The Lake Elmo city council narrowly moved forward on the Lake Elmo Avenue Trunk Water Main project despite concerns over project funding. In order to remain on schedule, the city will advertise for bids from contractors to complete the project in November 2014.
The cost of the two-and-a-half-mile water main project that runs alongside Lake Elmo Avenue from 30th Street North to the future Fifth Street North is estimated to be $2,894,000, and will be paid through a combination of special assessments and the city’s Water Assessment Fund. The city’s share of the cost — $2,691,000 from the water assessment funds — will come from issuing bonds and bond payments from collection of water availability and water connection (WAC) fees.
“We need to stay under $10 million in our borrowing, in order to stay bank qualified for bonding,” City Administrator Dean Zuleger said.
In order to secure the ability to complete bond payments, Zuleger has worked with interested developers and residents in obtaining lines of credit and WAC fees.
“We have funding for 55 percent of the project,” Zuleger said. “That will fund the bond payments for six to seven years.”
While the city council met on April 15 to approve the bidding process, the finance committee will not meet until April 18, and it left some council members concerned about the financial health of the project.
Councilmember Anne Smith made a motion to deny the resolution to seek bids.
“I don’t have the information I need to go forward,” Smith said.
Her motion did not receive a second, but she was not only in her concerns.
“I’m going to second the motion to go forward with the project, but my concerns are the same as Councilmember Smith,” Councilmember Justin Bloyer said. “I need more information. I need to be able to digest this.”
Bloyer also remarked that council members have not completed their discussion on the lateral benefit assessments to homeowners along the watermain that would receive an increased value in their home due to the new infrastructure. Following the assessment policy and recent assessment practices for similar projects, the city council is considering levying a lateral benefit assessment of $5,800 to each of the existing housing units that are provided a water service stub. In accordance with the 2013 City Fee Schedule, the city charges a $5,800 lateral benefit charge to any property connecting to the city water system that has not been assessed for a water main lateral. The council has also been presented with the option to impose a $2,900 assessment at the time of the project, and defer the remaining $2,900 until the time of connection. This option would lessen the financial impact on a homeowner who does not intend to connect to the municipal water supply but would receive the home value benefit of the water supply. The type of special assessment will affect the amount required from the city’s share.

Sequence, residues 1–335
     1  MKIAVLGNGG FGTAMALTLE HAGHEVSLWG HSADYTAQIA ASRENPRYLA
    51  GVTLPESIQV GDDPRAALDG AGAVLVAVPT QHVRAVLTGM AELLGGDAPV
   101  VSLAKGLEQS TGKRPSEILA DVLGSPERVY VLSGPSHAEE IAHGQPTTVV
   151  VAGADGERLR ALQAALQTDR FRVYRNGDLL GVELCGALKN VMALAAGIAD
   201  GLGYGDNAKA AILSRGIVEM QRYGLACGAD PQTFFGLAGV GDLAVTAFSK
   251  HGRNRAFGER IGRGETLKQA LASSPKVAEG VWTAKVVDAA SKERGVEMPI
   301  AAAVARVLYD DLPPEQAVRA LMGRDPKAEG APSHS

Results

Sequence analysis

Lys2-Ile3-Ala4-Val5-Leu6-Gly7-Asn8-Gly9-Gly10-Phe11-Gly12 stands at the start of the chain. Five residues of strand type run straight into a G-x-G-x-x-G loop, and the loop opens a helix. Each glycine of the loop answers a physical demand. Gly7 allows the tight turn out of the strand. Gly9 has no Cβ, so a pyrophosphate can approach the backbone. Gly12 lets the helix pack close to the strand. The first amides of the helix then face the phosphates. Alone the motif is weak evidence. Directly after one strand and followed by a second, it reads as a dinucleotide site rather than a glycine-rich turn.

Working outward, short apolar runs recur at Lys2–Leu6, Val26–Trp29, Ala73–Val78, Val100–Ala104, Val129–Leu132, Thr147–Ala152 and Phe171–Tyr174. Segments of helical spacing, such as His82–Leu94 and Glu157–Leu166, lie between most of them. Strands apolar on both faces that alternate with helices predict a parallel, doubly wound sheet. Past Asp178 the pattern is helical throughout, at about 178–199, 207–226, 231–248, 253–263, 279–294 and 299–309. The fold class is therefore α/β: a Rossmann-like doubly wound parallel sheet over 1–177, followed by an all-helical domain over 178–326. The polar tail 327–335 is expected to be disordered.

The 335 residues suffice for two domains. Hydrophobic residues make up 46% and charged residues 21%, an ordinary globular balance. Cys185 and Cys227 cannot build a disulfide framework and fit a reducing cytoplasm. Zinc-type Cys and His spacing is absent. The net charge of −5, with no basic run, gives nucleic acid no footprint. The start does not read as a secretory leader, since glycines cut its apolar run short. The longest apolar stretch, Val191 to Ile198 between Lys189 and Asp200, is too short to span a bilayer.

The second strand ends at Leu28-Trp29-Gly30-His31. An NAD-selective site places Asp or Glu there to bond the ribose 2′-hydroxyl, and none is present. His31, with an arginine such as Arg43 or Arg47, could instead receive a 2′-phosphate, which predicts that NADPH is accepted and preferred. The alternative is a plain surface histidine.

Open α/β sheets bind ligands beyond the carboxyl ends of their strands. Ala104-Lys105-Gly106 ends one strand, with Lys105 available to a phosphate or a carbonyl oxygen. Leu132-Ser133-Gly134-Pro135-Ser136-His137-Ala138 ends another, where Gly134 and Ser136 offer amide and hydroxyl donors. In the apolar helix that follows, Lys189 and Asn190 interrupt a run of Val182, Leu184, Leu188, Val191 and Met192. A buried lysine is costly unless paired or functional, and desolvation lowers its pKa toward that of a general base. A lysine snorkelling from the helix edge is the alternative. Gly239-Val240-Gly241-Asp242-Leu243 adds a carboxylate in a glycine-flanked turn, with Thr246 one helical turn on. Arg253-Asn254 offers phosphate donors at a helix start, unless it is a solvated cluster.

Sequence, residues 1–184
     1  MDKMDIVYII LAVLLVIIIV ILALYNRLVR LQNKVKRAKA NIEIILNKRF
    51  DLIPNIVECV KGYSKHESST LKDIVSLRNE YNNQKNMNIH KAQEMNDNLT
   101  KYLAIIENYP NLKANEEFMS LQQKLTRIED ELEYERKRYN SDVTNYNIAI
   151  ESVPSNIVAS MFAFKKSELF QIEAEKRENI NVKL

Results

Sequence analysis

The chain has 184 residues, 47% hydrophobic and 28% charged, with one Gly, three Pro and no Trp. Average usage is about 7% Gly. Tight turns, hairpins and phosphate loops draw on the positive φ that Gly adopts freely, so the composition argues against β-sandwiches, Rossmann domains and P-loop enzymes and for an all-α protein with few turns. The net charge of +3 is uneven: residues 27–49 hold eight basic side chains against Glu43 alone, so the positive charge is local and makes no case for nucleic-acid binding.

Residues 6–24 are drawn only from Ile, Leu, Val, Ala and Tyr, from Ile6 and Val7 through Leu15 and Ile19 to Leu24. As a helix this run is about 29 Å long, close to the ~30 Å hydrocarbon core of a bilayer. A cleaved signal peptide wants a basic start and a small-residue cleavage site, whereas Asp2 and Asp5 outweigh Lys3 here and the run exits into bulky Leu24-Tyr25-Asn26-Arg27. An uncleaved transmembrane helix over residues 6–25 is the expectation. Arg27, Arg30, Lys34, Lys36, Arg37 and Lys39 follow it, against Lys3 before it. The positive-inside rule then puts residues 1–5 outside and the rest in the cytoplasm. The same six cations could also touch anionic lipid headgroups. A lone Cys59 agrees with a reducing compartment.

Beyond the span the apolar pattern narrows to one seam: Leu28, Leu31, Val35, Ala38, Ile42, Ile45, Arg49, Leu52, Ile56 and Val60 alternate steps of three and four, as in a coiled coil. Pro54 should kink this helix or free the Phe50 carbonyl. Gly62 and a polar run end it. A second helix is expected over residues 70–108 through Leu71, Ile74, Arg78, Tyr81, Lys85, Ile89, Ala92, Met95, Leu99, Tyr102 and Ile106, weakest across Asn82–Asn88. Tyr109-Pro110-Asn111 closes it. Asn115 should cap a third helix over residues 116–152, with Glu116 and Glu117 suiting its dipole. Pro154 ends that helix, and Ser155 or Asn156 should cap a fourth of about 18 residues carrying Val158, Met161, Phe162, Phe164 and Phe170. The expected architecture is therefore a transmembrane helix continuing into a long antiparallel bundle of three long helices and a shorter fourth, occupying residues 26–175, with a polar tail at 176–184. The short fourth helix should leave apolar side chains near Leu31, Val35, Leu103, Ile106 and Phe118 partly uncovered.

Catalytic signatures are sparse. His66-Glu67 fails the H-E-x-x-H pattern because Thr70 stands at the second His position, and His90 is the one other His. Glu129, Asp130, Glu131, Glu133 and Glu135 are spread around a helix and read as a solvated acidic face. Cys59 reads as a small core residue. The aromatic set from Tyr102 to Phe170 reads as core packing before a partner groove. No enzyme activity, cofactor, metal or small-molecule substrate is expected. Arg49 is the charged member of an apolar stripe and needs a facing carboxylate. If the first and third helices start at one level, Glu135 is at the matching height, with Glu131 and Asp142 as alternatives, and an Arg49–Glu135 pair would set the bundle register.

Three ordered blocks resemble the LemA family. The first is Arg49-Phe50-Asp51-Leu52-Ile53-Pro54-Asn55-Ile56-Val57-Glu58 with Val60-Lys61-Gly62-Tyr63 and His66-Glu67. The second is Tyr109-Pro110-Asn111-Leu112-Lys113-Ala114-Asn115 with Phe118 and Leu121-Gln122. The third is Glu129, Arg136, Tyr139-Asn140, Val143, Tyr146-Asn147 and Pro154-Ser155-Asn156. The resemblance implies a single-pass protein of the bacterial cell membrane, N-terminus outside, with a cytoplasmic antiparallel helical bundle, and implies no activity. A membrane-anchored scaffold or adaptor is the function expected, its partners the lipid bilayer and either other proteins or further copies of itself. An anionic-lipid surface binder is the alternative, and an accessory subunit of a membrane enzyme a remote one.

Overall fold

“What it comes down to is, by April 30, the finance committee needs to have its act together and have its cash flow analysis done,” Councilmember Wally Nelson said. “That’s what we really need to do. We need those cash flows.”
If the project is to be completed, there needs to be enough cash in the city’s Water Assessment Fund to manage the debt the city will incur with this project.
“My opinion is that we move forward now, and we can say no later if we find that we don’t have the right cash flow,” Nelson said.
The approval for the advertisement for bids is not a commitment by the city to complete the project.
“Why would we move forward approving plans and specs if we don’t have the financial information we are asking for?” Smith asked. “Why not postpone the vote until after the finance committee meeting? Isn’t that a better way to do it?”
City engineer Jack Griffin said a delay in the bid process could cause the project to not be completed this year.
“With a three week wait until the next meeting, it would put awarding the bids in June,” Griffin said. “You would end up pushing the contractor to finish.”
Griffin told the council that they could take in bids and then vote to stop the project, but there’s a downside to that.
“Contractors put a lot of time and money into completing a bid,” he said. “You could, not award a project, but if you get in the habit of doing it, a contractor can choose not to pursue bids from you in the future.”
Lake Elmo has not withdrawn a construction bid in the past.
“It feels like we are pulling the trigger before we have our finances in line, and I don’t think that is fair to contractors,” Smith said.
“We have talked to residents, and a fair amount are excited for the project,” Mayor Mike Pearson. “Some are not so much. Mr. Zuleger and I have met with developers looking for water, and frankly, the only thing we are missing is information for the finance committee. We have been doing our homework, I think aggressively doing our homework. I think it is an anomaly to secure the kind of money that we have. Talking in six to seven years of funding sources, I don’t think this is reckless at all.”
The council voted 3-2, with Smith and Bloyer in dissent, to advertise for bids.
“We haven’t dealt with the lateral benefit charges,” Bloyer said. “We should have finished that six months ago. It feels like we are under the gun, and we just need to keep the ball rolling.”
The council agreed to discuss the lateral benefit charges at a future meeting.
Contact Alicia Lebens at firstname.lastname@example.org